Sex After Baby

Having a baby can put a real (if temporary) strain on your sex life. A combination of fatigue, physical discomfort, and a change in your relationship dynamic can mean that you may have a little trouble connecting with your partner on an intimate level for a while. Parenting your baby together and as a cohesive team is beneficial for a relationship.

Baby cares should be shared, and a flexible attitude adopted as to just how you divide these tasks. There are more ways than one to achieve what you set out to do, none of which are particularly right or wrong. Like most parenting, there is no manual to this – you just need to find what works for you.

Keeping the lines of communication open is the single most valuable thing you can do to tend to your relationship now. Allocating time for the two of you to spend together is essential. Everything else will flow from there when the time is right for you. In the days following the birth of your baby, you may feel like you never want to have sex again.

You may be sleep-deprived, sore and distracted – but at some stage that spark will come back, and it will pay to consider your options for birth control before you do. You start using your contraceptive of choice within four weeks of baby’s birth if you don’t want to become pregnant again. Birth control is usually discussed in the first month post-partum (after birth) so that it is working when you are ready. You do need to discuss this with your doctor because your pre-pregnancy contraception may not be the most suitable one for you now.

Sometimes barrier methods are handy when you first get back into the swing of things.
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Yes, it’s scary.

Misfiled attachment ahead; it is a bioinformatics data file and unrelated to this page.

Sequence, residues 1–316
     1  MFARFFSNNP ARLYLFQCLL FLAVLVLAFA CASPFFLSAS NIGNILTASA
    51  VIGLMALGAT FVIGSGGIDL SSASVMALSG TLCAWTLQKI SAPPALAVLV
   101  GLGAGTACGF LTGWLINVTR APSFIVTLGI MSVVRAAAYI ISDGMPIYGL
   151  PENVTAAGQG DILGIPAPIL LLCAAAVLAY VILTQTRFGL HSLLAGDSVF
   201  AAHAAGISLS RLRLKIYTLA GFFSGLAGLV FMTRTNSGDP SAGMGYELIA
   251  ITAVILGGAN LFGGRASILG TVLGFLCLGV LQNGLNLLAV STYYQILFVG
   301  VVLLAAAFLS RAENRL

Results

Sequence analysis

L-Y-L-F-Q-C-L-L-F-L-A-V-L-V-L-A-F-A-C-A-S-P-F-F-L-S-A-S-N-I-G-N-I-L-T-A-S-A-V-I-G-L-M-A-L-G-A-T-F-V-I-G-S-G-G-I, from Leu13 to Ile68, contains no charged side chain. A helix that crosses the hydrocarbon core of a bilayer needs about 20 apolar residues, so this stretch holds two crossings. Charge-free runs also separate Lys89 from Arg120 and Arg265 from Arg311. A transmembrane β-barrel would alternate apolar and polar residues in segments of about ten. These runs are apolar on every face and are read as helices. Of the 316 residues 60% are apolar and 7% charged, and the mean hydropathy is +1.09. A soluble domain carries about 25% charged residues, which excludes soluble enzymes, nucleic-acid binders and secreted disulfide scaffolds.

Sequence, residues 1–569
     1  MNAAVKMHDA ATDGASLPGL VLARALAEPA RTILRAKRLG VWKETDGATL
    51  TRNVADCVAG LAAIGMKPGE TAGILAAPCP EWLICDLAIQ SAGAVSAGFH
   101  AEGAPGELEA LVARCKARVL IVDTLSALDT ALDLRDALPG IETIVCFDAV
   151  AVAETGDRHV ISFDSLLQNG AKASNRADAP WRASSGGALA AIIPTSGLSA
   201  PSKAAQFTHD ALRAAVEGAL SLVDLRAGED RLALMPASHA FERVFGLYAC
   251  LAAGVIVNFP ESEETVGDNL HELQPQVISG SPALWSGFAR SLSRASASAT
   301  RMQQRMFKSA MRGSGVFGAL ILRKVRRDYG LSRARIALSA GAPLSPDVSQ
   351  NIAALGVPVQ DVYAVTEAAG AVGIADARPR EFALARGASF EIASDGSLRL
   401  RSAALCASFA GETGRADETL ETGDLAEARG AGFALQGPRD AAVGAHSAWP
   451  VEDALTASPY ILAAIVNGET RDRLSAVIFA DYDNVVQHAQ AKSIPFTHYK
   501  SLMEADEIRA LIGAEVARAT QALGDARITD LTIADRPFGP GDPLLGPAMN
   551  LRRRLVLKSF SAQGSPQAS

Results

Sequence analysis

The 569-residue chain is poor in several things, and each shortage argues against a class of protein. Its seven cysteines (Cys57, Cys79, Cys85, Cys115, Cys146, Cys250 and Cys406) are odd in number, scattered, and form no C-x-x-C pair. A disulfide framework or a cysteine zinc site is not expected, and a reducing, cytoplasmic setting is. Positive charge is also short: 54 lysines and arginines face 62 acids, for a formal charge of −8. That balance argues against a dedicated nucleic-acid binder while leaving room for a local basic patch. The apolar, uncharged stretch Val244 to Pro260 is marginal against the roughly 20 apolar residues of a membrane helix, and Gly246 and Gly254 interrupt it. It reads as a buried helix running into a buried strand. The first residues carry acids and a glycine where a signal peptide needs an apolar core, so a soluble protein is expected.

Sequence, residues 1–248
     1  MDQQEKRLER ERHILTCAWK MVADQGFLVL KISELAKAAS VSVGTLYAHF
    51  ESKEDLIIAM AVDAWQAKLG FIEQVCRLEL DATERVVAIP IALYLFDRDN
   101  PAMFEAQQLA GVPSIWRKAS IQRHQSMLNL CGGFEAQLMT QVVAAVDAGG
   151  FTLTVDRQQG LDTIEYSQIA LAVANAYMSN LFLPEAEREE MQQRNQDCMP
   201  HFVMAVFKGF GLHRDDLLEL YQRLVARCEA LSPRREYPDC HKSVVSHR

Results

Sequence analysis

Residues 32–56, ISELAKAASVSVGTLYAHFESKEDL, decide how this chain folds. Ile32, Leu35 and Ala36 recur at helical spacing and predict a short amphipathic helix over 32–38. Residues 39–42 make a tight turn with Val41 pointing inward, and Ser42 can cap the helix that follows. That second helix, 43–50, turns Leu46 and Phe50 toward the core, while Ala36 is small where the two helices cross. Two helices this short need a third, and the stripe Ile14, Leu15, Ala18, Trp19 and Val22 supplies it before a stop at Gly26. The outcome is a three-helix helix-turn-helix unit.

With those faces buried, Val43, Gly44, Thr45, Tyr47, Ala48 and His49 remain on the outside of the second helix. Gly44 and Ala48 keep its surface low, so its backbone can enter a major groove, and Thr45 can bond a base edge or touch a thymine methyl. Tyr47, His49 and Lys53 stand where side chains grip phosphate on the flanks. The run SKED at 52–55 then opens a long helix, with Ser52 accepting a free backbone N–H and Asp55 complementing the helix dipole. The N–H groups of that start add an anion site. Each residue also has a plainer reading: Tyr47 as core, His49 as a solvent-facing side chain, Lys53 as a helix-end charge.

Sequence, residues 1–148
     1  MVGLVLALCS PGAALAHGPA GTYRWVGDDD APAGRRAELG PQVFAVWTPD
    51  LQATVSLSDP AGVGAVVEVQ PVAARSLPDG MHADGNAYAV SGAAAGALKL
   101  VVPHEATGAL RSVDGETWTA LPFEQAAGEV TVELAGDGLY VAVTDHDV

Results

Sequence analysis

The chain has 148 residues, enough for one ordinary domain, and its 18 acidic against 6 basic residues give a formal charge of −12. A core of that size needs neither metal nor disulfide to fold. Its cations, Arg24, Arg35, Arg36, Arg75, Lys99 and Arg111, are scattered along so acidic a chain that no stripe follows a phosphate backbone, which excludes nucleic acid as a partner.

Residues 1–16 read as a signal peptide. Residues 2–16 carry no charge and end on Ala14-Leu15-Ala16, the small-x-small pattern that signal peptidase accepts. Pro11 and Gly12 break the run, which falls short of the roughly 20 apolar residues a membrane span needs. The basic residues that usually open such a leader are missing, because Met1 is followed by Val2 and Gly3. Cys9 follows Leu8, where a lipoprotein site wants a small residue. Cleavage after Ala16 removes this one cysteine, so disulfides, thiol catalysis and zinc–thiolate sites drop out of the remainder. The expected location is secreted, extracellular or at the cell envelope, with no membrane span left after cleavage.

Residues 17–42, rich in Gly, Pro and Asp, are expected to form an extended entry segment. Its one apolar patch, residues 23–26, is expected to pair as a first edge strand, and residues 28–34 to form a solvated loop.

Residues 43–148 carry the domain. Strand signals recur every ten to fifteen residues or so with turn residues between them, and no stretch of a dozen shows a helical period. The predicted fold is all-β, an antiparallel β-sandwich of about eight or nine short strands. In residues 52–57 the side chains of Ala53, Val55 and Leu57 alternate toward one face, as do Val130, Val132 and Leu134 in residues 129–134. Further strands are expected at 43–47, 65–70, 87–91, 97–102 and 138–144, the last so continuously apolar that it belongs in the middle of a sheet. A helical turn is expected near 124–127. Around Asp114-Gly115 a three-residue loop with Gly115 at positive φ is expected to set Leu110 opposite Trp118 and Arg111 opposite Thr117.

You may also be feeling a little scared or vulnerable. After all, down below has had a few things going on. It’s ok to wait and take it slowly. From a physical point of view, there’s no reason why you shouldn’t have sex if your vaginal discharge has stopped and any stitches or damage to your perineum have healed. This healing usually takes about 4-6 weeks. Before this time, there’s a risk of infection if you haven’t healed up properly yet. Sexual function may take up to 12 months to return to normal (29).

There’s no right or wrong – it’s up to you when you feel ready, comfortable and connected. You may find that the first time you have sex after baby is a little uncomfortable. It’s important to make sure that you have some lubricant (such as KY jelly) close by. This lubricant can help to minimise the possibility of discomfort. If one of you is ready to resume your sexual relationship before the other, make sure you keep communication lines open.

How will it feel?

Your pelvic floor muscles can take several months to get back to normal after the birth of your baby. Hence, sex may feel a little strange and different. Sometimes low estrogen levels found during breastfeeding can cause vaginal dryness and make intercourse uncomfortable. If you’re finding that sex hurts, talk to your GP.

Don’t forget that there are other activities that you can engage in with your partner. There are plenty of options for intimacy if you aren’t ready for penetrative sex. Mutual or solo masturbation is one way to find your way back to your usual sexual activity.

Sex toys can be a safe alternative for those who are concerned about easing back into regular sex. To view Lelo’s high-quality silicone adult range, please visit

Dr Janelle McAlpine (PhD), Clinical Midwife.
Photo by VP Photo Studio used under license from